HISA will also apparently, within the next few weeks, begin sending representatives out to certain racetracks to help with the registration process.



Click here for a HISA explainer on the obligations that fall onto the trainer, including registration requirements, reporting requirements (that fall into 5 different categories), the process to remove a horse from the vet's list, and future continuing education requirements.

One noticeable change come July 1 is how trainers will be required to maintain a record of any medication administration, therapeutic procedures, treatments and surgical procedures to the registered horses in their care. These are separate to the records that veterinarians are expected to maintain.

Trainers will also be required to make these records available to regulatory veterinarians, stewards and HISA officials upon request.

So, how will this record-keeping requirement work on an everyday basis?

That's up to the individual, with trainers allowed to keep either written records or electronic records (if indeed they have such an electronic online program).

According to HISA, they will soon make public a template document for these treatment records, to be used as a possible blueprint.

The ultimate goal, says HISA, is to have a centralized electronic database where trainers can input and maintain their daily treatment records online. But when that will be in place is unclear.

Bearing in mind the program's anti-doping and medication control rules won't go into effect until early next year, there are nonetheless some noteworthy veterinary-related mandates come July 1:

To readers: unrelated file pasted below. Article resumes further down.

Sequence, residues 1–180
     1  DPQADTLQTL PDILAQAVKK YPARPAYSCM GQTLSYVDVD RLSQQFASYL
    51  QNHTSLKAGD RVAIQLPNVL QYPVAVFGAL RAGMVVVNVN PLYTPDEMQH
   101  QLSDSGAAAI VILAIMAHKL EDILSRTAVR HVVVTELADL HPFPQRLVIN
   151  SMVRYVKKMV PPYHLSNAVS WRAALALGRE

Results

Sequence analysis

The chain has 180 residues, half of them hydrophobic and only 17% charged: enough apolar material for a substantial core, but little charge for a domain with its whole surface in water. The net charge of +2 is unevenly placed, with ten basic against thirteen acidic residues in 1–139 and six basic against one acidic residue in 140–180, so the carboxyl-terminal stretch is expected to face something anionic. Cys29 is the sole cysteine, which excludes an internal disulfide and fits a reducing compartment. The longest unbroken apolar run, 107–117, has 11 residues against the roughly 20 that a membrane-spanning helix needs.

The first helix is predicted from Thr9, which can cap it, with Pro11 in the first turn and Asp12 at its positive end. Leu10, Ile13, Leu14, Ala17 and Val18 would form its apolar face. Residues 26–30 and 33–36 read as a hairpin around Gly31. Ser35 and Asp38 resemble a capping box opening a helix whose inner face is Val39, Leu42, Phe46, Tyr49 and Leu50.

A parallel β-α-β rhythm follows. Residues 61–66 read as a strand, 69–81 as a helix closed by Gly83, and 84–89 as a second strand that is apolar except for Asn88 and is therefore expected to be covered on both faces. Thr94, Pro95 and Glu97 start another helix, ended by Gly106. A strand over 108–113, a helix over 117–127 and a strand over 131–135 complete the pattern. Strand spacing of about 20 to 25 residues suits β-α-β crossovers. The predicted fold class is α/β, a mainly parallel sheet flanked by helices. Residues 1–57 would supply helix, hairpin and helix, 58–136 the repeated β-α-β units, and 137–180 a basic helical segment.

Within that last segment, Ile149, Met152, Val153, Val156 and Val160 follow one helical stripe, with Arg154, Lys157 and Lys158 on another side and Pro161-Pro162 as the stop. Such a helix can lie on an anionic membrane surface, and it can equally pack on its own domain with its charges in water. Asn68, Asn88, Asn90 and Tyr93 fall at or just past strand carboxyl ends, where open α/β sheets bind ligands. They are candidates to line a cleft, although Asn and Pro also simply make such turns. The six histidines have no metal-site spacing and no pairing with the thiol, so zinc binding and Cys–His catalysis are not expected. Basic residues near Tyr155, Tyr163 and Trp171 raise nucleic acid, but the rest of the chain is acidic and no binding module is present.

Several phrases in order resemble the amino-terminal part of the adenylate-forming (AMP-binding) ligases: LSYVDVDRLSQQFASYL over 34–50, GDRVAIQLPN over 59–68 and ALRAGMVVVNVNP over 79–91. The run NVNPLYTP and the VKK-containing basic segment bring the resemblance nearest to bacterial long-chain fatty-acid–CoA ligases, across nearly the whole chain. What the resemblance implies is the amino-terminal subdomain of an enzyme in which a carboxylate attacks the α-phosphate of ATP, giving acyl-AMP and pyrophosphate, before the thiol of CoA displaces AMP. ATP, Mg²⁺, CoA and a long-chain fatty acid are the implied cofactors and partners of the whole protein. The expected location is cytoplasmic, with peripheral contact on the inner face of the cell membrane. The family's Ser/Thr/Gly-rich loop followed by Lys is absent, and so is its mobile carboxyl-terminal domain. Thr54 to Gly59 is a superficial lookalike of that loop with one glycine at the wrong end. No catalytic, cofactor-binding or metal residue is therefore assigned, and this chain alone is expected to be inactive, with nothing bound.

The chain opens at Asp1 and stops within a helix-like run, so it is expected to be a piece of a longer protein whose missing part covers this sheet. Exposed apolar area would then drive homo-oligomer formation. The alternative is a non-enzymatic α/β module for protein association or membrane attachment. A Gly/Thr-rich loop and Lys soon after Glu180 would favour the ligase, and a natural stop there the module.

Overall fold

• Shockwave treatments are prohibited within 30 days of a race. During that time, both racing and high-speed workouts are prohibited.
  • Pin-firing, freeze-firing and blistering will be prohibited.
  • Chemical or surgical neurectomies–otherwise known as “nerving”–are similarly prohibited.
  • You won't be able to use within 48 hours of a breeze or a race any electrical medical therapeutic devices capable of producing an analgesic effect including magnetic wave therapy, laser therapy, electro-magnetic blankets, boots and electro-shock units.

Jockeys and Exercise Riders

An infographic geared toward jockeys has been available on the HISA website for a while.

The infographic lays out registration requirements, equipment requirements, the uniform crop rules and penalty structure, annual fitness and baseline concussion exam mandates, and “return to racing” assessments.

Because of supply chain issues, jockeys won't be required to acquire a crop that fits the new requirements under HISA until Aug 1. The other parts of the jockey-related rules, however, will still go into place on July 1.

Also come July 1, all jockeys and exercise riders must have a medical information card attached to their safety vest at all times.

According to the rules, the medical information card should include medical history, conditions pertinent to emergency care, previous injuries, allergies and current medications.

For exercise riders especially, this is something of a novel requirement. But according to HISA officials, such a medical card could be something as basic as a piece of laminated cardboard with handwritten details.

The same infographic on the HISA website states that all jockeys and exercise riders “must complete at least 2 hours of continuing education on safety, rider &/or racetrack protocols prior to the beginning of a Race Meet.”

This education component won't be required prior to July 1.


A month later than anticipated due to supply chain issues, new shoeing requirements will go into effect.

From Aug. 1 onward, therefore, all traction devices such as rims, toe grabs, bends, jar calks and stickers are prohibited during racing or training. The only exception is 2mm outer rims on dirt or synthetics.


Editor's note: Since our initial cheat sheet was published, we have published readers' questions and HISA's answers to the new regulations. 

Part I, from May 31, may be found here:

Part II, from June 6, may be found here:

Part III, from June 15, may be found here: